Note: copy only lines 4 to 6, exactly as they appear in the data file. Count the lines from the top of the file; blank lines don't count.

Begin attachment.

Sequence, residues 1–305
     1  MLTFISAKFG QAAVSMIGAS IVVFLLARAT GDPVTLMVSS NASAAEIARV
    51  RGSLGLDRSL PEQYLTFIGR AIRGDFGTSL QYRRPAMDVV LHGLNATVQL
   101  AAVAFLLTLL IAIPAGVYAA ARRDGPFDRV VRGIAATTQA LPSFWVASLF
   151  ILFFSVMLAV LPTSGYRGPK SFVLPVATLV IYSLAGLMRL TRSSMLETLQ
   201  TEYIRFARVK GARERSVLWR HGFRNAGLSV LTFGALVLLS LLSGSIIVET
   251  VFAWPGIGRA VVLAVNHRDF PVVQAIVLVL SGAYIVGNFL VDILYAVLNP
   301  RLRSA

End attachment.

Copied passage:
   101  AAVAFLLTLL IAIPAGVYAA ARRDGPFDRV VRGIAATTQA LPSFWVASLF
   151  ILFFSVMLAV LPTSGYRGPK SFVLPVATLV IYSLAGLMRL TRSSMLETLQ
   201  TEYIRFARVK GARERSVLWR HGFRNAGLSV LTFGALVLLS LLSGSIIVET